Take the 2-minute tour ×
Stack Overflow is a question and answer site for professional and enthusiast programmers. It's 100% free, no registration required.

A question someone asked in 2008, about proxy-generation of client-side behaviors, I'd like to repeat. I want custom client-side behaviors, decorated as attributes on service contracts or operations, to be "acknowledged" by Visual Studio (or svcutil) when I execute "discover" on the add-service-reference dialogue. The result would be a proxy that already has the client-side behaviors (and assembly references) added automagically.

That feature still seems unavailable as of VS 2010 SP1. Does VS 2012 do that? Is there a 3rd party tool that does that?

p.s. To be clear, I am not asking about extending WSDL capabilities. I don't expect the above trick would ever work for that. I am talking strictly in the context of the "discover" button within Visual Studio's in-built proxy generation capability.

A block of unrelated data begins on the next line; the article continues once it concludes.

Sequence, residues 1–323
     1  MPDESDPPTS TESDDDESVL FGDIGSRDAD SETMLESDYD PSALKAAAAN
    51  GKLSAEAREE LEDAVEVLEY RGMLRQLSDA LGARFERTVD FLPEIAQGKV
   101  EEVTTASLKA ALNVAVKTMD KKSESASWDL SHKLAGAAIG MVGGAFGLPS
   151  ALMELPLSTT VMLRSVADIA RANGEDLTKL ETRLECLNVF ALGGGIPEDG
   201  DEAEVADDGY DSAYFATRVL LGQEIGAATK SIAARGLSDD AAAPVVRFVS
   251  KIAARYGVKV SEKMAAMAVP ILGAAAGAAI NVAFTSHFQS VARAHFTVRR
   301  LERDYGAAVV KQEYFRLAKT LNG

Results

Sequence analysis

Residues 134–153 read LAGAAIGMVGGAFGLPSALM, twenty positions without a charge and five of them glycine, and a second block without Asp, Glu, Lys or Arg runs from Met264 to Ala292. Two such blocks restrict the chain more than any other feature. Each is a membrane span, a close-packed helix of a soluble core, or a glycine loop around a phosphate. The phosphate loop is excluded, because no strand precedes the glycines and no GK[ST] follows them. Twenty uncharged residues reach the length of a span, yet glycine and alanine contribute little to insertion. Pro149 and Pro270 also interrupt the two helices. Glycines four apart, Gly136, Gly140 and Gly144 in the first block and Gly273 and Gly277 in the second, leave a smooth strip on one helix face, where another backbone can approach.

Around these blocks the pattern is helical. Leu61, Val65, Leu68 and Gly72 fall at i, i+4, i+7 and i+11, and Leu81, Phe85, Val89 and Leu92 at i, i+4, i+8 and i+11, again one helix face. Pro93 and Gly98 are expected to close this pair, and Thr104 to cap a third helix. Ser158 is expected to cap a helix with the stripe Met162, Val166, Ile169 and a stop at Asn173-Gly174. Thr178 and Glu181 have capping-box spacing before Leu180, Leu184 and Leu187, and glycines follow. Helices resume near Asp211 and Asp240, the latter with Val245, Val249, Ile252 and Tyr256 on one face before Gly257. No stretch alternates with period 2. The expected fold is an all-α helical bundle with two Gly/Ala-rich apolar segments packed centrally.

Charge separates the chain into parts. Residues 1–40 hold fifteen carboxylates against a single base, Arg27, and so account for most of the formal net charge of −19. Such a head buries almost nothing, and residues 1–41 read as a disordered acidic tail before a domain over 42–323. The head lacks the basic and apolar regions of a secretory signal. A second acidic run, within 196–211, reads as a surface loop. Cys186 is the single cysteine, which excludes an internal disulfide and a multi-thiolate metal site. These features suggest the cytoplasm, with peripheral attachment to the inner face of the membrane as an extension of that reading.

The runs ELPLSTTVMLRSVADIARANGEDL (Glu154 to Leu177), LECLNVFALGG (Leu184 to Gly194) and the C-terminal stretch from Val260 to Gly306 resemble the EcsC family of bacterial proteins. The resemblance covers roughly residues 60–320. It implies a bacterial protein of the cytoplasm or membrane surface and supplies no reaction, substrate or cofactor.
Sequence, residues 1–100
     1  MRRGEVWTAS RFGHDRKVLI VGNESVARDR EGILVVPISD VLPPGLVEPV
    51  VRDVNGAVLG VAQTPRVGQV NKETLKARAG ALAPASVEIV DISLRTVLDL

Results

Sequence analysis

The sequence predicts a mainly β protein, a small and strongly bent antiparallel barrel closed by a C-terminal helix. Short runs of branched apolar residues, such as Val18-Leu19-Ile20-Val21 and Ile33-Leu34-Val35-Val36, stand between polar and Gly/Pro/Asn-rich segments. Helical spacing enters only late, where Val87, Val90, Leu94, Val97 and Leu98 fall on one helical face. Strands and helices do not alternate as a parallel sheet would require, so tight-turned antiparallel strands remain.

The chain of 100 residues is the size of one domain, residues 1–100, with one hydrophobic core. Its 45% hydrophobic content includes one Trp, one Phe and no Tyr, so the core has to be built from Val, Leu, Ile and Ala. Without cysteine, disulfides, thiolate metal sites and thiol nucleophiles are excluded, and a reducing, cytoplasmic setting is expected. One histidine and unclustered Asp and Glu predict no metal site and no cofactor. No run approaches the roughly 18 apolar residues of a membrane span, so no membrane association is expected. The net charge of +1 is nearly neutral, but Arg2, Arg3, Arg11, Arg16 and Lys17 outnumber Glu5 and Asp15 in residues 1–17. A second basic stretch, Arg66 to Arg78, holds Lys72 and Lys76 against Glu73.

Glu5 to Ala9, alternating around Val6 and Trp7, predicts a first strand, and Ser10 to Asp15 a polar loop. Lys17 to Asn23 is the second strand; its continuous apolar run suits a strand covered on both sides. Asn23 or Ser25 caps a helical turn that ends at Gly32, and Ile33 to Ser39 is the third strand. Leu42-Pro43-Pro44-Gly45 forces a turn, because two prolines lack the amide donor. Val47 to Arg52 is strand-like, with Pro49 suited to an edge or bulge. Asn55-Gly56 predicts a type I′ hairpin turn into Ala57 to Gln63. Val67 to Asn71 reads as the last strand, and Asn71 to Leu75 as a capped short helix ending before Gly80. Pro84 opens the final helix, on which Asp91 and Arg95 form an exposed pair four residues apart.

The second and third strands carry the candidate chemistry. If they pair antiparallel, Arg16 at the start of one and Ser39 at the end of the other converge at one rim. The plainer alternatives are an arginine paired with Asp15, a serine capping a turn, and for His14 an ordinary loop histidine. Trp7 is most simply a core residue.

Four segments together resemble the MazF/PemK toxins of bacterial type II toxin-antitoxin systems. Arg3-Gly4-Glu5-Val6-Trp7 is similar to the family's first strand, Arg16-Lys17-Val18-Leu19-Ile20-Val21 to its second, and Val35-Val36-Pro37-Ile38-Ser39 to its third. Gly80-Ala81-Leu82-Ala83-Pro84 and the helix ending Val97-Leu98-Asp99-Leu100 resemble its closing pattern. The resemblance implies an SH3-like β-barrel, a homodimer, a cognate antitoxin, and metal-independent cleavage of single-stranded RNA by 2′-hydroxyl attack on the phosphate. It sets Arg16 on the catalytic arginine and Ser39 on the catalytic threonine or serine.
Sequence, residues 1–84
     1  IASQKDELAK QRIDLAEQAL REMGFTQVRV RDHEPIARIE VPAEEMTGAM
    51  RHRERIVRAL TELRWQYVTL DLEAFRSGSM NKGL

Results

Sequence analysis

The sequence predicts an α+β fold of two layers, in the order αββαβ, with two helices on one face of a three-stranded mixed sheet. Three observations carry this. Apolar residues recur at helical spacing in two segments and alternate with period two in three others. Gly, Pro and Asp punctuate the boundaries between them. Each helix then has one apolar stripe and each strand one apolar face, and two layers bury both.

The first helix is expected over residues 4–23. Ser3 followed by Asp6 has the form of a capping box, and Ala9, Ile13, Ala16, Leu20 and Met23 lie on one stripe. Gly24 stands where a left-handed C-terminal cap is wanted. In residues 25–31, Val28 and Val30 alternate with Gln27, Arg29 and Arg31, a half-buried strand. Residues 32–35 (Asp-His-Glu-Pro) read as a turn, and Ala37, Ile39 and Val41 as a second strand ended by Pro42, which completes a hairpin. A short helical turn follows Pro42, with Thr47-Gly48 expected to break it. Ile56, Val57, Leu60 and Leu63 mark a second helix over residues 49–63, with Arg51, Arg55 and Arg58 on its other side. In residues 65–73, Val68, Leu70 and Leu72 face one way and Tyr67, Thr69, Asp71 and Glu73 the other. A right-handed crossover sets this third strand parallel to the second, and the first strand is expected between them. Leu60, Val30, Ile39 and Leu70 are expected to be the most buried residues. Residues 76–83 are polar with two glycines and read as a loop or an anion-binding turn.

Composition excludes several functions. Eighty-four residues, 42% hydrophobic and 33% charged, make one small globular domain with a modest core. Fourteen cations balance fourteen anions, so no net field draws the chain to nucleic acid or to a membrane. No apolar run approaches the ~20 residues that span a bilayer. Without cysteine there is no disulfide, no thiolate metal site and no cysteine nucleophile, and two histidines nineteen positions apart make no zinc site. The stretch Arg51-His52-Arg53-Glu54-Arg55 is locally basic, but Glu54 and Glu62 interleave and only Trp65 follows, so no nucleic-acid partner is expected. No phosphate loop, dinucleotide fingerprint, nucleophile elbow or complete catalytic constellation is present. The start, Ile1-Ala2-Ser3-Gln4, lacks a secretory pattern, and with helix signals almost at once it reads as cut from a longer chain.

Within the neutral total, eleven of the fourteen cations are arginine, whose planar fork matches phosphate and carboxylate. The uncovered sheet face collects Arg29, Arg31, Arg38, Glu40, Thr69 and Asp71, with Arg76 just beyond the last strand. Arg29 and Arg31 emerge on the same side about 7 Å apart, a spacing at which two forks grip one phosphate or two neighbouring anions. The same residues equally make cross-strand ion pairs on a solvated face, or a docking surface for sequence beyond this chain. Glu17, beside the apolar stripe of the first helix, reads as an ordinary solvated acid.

share|improve this question

1 Answer 1

up vote 0 down vote accepted

I'm not sure that it is possible using svcutil/add service reference, but as an alternative the .NET Framework has a class called MetadataResolver that allows you to get configuration at runtime from a MEX / wsdl endpoint.

Specifically you call the Resolve method returns a ServiceEndpointCollection instance. A ServiceEndpoint has a Behaviors property that returns the collection of behaviors as defined on the service.

In this case instead of having the class decorated with the attribute you call the service to retrieve your behaviors. This has the advantage of allowing you to define in one place (the service) the configuration for clients and the server and keep them in sync (as opposed to service config updates needed to be done on clients as well). The negatives are that you now make two calls when calling the service (though I've mitigated in the past by having a static instance and keeping the response from the Resolve method in memory) and you need to expose the service metadata.

share|improve this answer

Your Answer


By posting your answer, you agree to the privacy policy and terms of service.

Not the answer you're looking for? Browse other questions tagged or ask your own question.